Having spent six month or more on a painting, watching someone walk by and take it in with a glance is somewhat disheartening. Unfortunately for artists, this is how we are made. We process visual information extremely quickly, even enough to pick a familiar face out of a crowd. No matter how much detail an artist puts in a painting, it will take a viewer no time at all to absorb it.
To hold the viewer's attention a little longer is the goal of every artist. Using words is a simple method, as the viewer takes time to read what is written. Another method is to make the image change. TVs use this technique to glue people in front of them for hours.
So, I have changed. I have become a digital artist (even though I took up painting to get me away from the computer), and have been writing an animation and video editor. It is a long way from complete, but works well enough to be able to create moving images.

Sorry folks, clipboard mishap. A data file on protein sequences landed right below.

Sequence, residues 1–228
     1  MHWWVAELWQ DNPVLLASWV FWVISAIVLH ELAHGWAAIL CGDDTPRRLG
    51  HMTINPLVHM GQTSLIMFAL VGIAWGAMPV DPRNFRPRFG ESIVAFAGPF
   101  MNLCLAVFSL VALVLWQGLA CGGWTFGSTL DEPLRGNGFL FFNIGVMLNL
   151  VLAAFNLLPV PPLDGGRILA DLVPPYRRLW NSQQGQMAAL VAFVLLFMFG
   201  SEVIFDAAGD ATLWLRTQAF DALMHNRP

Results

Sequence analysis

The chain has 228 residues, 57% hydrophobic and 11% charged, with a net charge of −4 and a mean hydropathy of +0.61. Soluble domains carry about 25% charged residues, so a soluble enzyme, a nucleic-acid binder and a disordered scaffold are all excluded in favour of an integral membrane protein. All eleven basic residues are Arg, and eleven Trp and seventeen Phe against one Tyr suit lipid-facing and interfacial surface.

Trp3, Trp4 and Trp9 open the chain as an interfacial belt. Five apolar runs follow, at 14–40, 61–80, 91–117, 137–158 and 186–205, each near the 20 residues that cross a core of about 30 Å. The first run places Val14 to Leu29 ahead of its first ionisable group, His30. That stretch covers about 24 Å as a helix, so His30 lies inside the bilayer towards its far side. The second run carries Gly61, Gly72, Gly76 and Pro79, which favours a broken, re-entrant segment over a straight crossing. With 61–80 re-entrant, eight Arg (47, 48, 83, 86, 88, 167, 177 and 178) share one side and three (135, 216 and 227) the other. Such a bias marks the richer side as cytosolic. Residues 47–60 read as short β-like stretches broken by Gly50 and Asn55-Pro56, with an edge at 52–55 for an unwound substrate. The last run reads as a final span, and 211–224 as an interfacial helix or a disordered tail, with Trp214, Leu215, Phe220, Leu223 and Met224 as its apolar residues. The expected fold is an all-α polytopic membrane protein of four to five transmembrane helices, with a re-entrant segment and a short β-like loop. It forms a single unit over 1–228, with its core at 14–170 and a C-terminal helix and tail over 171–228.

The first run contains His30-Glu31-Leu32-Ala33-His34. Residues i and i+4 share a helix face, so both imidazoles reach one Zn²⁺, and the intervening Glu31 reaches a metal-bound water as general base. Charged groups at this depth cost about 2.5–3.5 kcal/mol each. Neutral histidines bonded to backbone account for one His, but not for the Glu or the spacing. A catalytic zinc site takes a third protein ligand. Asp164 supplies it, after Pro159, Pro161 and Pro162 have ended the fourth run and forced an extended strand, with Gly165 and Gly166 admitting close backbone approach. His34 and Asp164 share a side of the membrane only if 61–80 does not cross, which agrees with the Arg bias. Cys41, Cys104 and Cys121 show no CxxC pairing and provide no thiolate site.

The first animation I did lasts one minute, and took a week to do. Here it is:
My second animation is a preview of my Backdrop software. Backdrop is intended to be used to provide gently moving background scenes for film, video and animated cartoons. All backgrounds are configurable by selecting foreground and background colours, and by being able to change the number of things on screen, or the rates of change of their various parameters. If you're wondering what package the backgrounds are created in, as some have asked, they are all created using maths. This is not a software package, it is doing sums like trigonometry, transforms and statistics.
My third animation is a short film about Parkour, based on the first two pages of Jonathan Livingstone Seagull, written by Richard Bach. It lasts two and a half minutes and took five weeks to create. The software I used is listed in the credits.
Here is a commercial video/animation I did for a local restaurant. It was created to play in a loop in the window of the shop to entice passers-by in. There is no sound.